The presentation of damages as a single payment for past infringement did create a potential problem for VLSI. During the trial, Intel asserted that VLSI’s expert had not presented a per unit royalty in his pre-trial disclosure and should not be allowed to present a per unit royalty in court. A ruling in Intel’s favor may have made future royalties unavailable. As it happened the court ruled in VLSI’s favor on this point.
VLSI’s Anticipation of Defendant’s Critiques
In its direct testimony on damages, VLSI addressed several additional critiques that had been raised by Intel in pretrial filings, reports or deposition testimony. First, VLSI’s damages expert was asked in his direct testimony about Intel’s claim that VLSI and its experts had not identified any comparable real-world licenses that resulted in payments as high as those that he was claiming to be reasonable; that is, in the hundreds of millions or billions of dollars. They also asked him about the much lower patent values implied from the purchase of Freescale and the sale of the patents to VLSI, mentioned above.
VLSI’s damages expert responded that none of those real-world licenses and sales were analogous to the hypothetical license in this case. He asserted that licensors in real-world licensing negotiations do not have comprehensive knowledge of the importance of the patents that are under negotiation. Similarly, purchasers of the ‘373 and the ‘759 patents would not have known of the value of the patents to Intel or even the extent of the use of the patented technologies. Any of the earlier transactions involving the patents would not, he claimed, have incorporated Intel’s expectations and experience of the benefits of using the technology. VLSI frequently claimed through this and other witnesses that only Intel would have understood the value of the patented technology that it was exploiting.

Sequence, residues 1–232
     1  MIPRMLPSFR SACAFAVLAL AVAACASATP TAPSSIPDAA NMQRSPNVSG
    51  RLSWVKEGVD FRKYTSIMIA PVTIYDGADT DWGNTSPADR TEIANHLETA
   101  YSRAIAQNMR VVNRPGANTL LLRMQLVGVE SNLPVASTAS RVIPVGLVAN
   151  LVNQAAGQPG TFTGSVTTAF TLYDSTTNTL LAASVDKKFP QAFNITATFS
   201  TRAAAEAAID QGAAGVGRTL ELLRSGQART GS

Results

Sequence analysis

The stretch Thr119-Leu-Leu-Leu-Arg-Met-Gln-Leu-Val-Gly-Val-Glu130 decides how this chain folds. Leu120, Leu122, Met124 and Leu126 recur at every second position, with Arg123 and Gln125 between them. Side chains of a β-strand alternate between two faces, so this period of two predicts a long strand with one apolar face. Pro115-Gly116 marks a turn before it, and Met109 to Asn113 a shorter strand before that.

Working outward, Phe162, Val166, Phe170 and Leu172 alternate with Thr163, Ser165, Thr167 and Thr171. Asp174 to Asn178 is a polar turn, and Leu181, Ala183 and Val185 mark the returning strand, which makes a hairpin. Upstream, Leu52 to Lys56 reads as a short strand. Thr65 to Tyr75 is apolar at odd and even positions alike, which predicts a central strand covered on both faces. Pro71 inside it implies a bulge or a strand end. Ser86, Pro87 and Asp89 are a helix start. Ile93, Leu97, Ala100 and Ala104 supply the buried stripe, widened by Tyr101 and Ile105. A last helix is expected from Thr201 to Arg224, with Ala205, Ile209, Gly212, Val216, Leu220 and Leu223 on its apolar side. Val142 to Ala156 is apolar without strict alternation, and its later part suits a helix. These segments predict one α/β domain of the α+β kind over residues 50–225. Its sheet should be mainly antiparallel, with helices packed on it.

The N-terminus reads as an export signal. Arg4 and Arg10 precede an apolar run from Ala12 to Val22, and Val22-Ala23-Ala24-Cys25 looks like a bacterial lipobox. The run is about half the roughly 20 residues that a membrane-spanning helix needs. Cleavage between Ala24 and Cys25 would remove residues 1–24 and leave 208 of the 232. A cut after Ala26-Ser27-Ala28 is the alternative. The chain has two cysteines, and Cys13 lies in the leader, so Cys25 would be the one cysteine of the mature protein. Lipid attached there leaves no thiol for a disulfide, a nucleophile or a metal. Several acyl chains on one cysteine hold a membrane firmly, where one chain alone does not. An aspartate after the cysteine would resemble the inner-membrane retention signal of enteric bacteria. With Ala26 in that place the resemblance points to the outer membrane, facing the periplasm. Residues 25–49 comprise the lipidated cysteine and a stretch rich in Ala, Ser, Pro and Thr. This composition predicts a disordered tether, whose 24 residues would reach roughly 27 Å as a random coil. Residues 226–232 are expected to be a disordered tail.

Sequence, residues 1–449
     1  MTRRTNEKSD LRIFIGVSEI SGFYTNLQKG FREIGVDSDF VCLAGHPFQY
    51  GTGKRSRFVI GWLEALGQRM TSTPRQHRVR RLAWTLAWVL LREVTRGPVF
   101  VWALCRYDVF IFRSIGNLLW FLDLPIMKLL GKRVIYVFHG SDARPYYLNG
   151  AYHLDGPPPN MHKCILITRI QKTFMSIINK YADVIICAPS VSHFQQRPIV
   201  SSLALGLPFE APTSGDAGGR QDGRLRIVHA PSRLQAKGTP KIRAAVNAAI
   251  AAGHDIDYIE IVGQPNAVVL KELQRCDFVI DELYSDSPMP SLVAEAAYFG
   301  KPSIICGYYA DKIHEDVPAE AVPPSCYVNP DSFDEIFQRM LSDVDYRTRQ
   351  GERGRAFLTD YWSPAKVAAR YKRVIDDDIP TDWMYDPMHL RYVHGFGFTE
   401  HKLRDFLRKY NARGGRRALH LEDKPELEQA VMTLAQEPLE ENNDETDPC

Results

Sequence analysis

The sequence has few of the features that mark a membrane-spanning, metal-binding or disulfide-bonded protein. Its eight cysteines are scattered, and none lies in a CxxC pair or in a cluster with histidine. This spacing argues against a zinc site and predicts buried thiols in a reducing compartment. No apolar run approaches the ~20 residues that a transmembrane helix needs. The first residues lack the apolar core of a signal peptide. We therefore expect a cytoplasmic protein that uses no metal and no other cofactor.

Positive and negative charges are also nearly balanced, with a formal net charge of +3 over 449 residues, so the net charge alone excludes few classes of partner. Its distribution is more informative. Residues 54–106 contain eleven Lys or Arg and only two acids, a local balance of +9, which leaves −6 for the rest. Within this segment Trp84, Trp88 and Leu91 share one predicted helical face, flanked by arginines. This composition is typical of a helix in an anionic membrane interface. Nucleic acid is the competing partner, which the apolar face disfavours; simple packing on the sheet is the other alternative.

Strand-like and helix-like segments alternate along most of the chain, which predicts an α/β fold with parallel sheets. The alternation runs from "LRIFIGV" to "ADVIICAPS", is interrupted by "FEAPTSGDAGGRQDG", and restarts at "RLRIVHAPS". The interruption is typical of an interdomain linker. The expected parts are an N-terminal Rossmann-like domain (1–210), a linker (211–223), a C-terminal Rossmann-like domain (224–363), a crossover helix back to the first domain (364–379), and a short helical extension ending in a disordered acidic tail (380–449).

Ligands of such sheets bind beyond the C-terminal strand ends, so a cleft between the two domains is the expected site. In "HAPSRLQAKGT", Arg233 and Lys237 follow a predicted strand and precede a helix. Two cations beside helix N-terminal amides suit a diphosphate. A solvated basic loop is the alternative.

VLSI’s damages expert characterized the hypothetical negotiation, by contrast, as one in which both side’s “cards were facing up.” Consequently, the licensor, Freescale, would have been fully informed of everything that Intel knew about the usefulness and value of the licensor’s technology. VLSI appeared to claim that the information that was available to Freescale in the up-facing cards included information about sales, profits and other outcomes after the date of the hypothetical negotiation. VLSI’s damages expert indicated that the royalty rates found in Intel’s purported real-world comparable licenses were analogous to what Tom Brady was paid as a rookie before he had demonstrated his abilities as a quarterback in a professional football league. According to VLSI, what was relevant at the time of the hypothetical negotiation was equivalent to what Tom Brady was paid during the peak of his career, not on what was known about him before his rookie year. The use of the analogy appears to indicate that VLSI viewed the hypothetical negotiation as being informed by events and outcomes that took place after Intel’s earliest infringement, sometimes rationalized by reference to the “Book of Wisdom.”